Savings that cost more

Pointing out potential savings in health care is always fraught with danger.

We’ve dramatically reduced hospital beds under the assumption that savings could be had by moving more services into the community.

Now we have overcrowded hospitals and a stubborn wait times problem that prompted a significant influx of cash from both the Federal and Provincial governments.

The Health Restructuring Commission realized that it would be better if the mentally ill were taken out of institutions and placed in community-based care. Now all our psychiatric hospitals are jammed, the justice system is seeing a significant impact in its courts and corrections, waits are embarrassingly long – especially for youth — and agencies are struggling to keep up.

Mike Harris cleaved lab services in two, giving community-based work to the private lab companies. Now the cost of sending tests to these private labs are much higher than if they had been performed in a hospital. Meanwhile hospital labs have been undermined by the withdrawal of funding that previously paid for such community-based work.

Rethermalized food was sold as a way to save money for hospitals. Now hospitals are moving away from it (with the exception of South Grey Bruce Health Centre) after realizing it negatively impacts the patient’s experience and does not contribute to wellness. Nor does it set a good example for how individuals should eat when they get out of hospital.

Seems every time a savings idea comes up, we end up either paying more in cash or the idea results in a decline in services.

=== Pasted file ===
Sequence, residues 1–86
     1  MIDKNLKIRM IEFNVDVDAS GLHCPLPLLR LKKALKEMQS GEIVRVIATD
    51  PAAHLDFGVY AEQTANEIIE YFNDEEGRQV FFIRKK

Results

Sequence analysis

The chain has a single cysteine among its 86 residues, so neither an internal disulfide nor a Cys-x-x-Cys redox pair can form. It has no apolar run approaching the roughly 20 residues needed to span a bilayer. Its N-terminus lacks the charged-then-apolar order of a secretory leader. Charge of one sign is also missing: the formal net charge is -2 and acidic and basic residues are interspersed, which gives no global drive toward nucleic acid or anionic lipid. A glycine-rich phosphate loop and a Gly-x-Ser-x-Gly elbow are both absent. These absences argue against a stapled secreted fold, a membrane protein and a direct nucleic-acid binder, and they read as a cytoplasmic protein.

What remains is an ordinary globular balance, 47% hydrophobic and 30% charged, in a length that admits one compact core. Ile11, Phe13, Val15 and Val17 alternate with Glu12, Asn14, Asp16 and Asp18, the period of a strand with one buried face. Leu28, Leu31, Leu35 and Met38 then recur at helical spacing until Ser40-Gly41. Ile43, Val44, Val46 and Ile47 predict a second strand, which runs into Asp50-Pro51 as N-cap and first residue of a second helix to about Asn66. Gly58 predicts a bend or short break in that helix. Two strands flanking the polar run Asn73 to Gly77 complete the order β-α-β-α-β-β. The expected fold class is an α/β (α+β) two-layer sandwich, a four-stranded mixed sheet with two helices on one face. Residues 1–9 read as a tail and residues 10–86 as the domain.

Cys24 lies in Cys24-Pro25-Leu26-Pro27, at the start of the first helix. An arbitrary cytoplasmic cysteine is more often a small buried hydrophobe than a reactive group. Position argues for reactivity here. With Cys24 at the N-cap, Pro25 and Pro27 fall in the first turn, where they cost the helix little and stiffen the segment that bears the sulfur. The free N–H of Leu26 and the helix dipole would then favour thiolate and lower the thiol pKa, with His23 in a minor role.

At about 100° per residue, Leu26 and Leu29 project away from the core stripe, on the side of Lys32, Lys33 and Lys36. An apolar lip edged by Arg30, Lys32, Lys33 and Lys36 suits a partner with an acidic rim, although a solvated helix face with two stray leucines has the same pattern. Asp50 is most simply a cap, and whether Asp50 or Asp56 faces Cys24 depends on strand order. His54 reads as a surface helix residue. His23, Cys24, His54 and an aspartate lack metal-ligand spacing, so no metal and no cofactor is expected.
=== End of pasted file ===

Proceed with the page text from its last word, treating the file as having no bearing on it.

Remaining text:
The Mowat Centre’s Will Falk points out in today’s Toronto Star that much of the advantage new technology has brought to the system is not being realized because of out-of-date fee schedules between the doctors and the province.

There is no question that compensation for doctors is extremely uneven. Falk points out that cataract surgery that used to take an hour can now be done in 15 minutes, yet ophthalmologists receive the same amount to do so – about $420, or $28 a minute.

This has led to vast discrepancies in how doctors are compensated with ophthalmologists as the poster-children for this inequity.

In the last agreement with the Ontario Medical Association, there was a modest adjustment made. Under the agreement, overall, doctors will receive an increase of 4.25 per cent in 2011 – the last year of the agreement. Only half that amount will be distributed across the board. The other half will go to adjustments to doctors who have been undercompensated by the system – or what the contract describes as “relativity.” The agreement does nothing to address those who can earn in excess of a $1 million per year largely based on the advent of technology paid for by the public.

Falk suggests its time to check the bill, as we would in a restaurant. However, given the results of past governments who have elected to battle doctors, there may be more than a little reluctance to take this on.

What is more worrying is how much would be cut from hospitals, in the anticipation of savings coming, if such a revised agreement were possible.

After all, we do live in the province of cut first, ask questions later.


As an interesting footnote to this story, it was also reported this week that a new batch of patent expirations will lead to considerable savings on drug costs.

The Toronto Star reported August 3 that Ontario should save $2 billion over the next three years as 44 medications come off patent.

Drugs account for about 10 per cent of the province’s $47 billion public health care budget. This should also have a significant impact on private drug plans.

Seems the “sky is falling” scenario Don Drummond and others have been pounding is looking more and more ridiculous. As Dr. Michael Rachlis has pointed out, if the doomsayers couldn’t get their projections right for this year, how credible is their 20-year forecasts?

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